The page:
When the San Francisco-born, Hong Kong-raised director Doris Yeung moved to Amsterdam in 2002, she immediately started looking for ways to positively contribute to Asian culture in The Netherlands. Less than a year later, CinemAsia saw its inception, and in March of 2004, the very first edition of the new, biannual film festival saw the light in Amsterdam’s Rialto film theater. Screening 29 films from 12 countries over the span of 5 days, and with an added focus on Asian diaspora and queer cinema, the first edition of the CinemAsia Film Festival was an instant success. The festival was immediately lauded for the way it managed to intimately introduce new audiences to the world of Asian cinema, positively reshaping the Dutch collective consciousness about the continent in the process.
2012 marked the year that the CinemAsia Film Festival went annual, having outgrown their biannual programming and locations like De Ketelhuis. As the festival’s size, popularity and frequency grew, so did its ability to offer talented new filmmakers a creative platform and provide Dutch audiences with the best Asian cinema has to offer. Today, CinemAsia is internationally renowned for its broad yet focused selection of Asian independent films, documentaries, shorts, arthouse films and commercial blockbusters. With a bigger location, and a new festival director and visual identity in tow for 2015, CinemAsia has further cemented itself as one of the key Asian film festivals in Europe.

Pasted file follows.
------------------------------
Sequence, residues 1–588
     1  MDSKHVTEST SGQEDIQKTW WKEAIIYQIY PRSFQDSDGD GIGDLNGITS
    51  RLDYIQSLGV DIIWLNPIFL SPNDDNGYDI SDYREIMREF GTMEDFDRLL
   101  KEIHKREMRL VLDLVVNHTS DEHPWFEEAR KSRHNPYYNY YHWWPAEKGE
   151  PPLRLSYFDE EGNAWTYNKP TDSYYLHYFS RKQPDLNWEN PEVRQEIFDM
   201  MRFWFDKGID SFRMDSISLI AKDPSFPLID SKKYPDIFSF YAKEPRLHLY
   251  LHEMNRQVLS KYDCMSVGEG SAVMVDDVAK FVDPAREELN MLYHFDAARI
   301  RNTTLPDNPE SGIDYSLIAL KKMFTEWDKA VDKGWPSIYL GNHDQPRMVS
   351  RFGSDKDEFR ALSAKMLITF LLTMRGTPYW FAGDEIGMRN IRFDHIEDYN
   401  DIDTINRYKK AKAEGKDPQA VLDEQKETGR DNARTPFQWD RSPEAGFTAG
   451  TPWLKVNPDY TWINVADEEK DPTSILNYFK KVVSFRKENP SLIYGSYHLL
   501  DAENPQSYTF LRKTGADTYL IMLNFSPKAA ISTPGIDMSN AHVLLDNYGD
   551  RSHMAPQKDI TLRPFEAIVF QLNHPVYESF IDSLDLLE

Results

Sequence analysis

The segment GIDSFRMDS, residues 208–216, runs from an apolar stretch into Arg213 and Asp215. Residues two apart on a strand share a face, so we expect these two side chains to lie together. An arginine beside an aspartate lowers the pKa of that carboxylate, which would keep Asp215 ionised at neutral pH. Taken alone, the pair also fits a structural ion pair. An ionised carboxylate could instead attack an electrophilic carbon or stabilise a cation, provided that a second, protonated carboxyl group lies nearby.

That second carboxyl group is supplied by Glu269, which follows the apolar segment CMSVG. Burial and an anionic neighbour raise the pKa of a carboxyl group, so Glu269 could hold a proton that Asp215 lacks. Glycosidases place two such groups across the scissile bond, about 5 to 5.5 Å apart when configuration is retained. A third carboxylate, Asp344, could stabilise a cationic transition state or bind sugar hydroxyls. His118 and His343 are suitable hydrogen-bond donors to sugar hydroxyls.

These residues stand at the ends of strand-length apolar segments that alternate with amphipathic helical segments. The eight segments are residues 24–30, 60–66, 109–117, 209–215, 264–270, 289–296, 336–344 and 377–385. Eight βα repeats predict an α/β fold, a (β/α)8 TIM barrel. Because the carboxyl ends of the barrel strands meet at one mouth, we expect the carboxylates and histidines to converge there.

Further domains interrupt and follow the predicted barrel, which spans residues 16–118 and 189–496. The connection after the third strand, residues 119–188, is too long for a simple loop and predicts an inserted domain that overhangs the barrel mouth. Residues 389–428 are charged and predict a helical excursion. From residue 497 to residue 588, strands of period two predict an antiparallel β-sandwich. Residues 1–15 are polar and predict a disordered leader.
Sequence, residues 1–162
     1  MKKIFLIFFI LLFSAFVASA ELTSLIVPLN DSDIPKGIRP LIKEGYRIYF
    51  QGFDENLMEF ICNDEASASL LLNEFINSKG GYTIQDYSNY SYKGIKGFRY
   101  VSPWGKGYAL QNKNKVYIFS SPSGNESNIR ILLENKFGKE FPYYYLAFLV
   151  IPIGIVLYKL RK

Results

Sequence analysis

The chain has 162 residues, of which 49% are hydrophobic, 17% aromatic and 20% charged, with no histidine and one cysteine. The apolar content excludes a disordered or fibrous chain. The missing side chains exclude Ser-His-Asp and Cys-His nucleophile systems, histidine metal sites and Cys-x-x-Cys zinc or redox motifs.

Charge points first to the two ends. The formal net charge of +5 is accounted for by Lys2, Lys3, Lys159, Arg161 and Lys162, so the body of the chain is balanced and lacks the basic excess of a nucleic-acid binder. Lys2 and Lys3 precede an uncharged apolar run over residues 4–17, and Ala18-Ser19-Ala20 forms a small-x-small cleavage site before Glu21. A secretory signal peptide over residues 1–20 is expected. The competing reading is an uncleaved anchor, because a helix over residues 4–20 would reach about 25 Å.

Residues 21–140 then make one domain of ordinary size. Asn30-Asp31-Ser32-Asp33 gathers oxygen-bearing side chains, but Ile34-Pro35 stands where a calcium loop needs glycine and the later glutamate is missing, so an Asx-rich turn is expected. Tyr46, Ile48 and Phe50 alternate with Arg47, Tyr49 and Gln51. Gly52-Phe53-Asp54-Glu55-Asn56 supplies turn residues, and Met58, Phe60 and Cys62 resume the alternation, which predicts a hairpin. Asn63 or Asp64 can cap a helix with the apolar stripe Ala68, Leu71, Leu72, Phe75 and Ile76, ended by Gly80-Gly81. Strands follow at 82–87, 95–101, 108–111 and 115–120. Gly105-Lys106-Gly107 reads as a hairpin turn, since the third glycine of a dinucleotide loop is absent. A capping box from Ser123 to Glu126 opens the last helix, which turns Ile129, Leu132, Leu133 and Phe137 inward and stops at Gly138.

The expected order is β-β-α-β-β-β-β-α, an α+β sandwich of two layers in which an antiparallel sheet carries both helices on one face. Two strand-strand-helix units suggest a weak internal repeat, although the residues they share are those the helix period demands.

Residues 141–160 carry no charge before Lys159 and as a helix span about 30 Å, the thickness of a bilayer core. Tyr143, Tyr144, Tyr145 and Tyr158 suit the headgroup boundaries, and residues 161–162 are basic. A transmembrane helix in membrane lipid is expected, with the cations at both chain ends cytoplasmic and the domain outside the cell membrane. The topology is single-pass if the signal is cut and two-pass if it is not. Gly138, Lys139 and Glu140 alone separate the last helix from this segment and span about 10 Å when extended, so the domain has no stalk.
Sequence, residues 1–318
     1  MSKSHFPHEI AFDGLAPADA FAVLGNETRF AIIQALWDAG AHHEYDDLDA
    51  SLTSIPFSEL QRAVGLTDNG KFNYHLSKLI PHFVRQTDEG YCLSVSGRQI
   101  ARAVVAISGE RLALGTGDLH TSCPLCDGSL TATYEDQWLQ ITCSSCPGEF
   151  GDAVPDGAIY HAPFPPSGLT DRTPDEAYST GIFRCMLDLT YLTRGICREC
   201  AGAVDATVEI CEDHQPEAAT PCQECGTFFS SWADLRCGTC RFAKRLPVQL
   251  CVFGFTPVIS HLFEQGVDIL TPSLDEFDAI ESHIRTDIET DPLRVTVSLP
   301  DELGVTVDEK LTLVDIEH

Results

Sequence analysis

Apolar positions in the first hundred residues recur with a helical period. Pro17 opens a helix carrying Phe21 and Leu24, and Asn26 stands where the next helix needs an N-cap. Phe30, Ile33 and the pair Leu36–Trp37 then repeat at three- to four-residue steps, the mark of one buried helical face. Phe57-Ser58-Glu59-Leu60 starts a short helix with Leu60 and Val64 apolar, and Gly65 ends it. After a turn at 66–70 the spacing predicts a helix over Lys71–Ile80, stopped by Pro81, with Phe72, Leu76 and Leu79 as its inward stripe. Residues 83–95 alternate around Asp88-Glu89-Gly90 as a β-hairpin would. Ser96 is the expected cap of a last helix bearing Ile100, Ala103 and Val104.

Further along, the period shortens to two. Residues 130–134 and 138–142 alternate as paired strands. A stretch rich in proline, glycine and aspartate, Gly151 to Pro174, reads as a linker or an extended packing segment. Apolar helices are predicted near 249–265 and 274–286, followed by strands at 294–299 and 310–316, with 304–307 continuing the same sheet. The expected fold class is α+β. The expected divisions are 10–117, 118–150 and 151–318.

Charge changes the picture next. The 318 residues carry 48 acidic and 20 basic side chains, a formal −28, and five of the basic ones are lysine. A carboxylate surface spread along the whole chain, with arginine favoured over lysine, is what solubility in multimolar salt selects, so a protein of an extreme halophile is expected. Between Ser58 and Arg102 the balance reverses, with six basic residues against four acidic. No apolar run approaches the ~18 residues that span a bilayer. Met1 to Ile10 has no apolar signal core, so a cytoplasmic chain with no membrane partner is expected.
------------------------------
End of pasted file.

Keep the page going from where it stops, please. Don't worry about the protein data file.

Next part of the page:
CinemAsia’s objectives are equivocal: they serve a cultural cause by stimulating the presence of Asian cinema within the Dutch film supply, and they serve a societal cause by offering a creative platform to Dutch Asians and content creators. Being the only Pan-Asian festival in the Netherlands, CinemAsia also strives to connect various Asian communities through connections that transcend ethnic provenance. Having good relations with multiple Asian communities, CinemAsia aims to bring them together through its festival, in particular through its creative platform for Dutch and Asian filmmakers.
The festival especially values the presence of independent Asian films made outside of Asia. These so-called Asian diaspora films touch on the migration and scatteredness of Asians throughout the globe, and are of great societal value due to their ability to invoke a sense of recognition throughout the Asian public in The Netherlands. They also manage to uniquely capture Asia’s cultural diversity, and expose the various ways it can be perceived by different communities. By showing both the similarities and differences between the various Asian regions and cultures through the experiences and observations of Asian filmmakers, the festival hopes to properly reflect Asia’s societal and cultural diversity.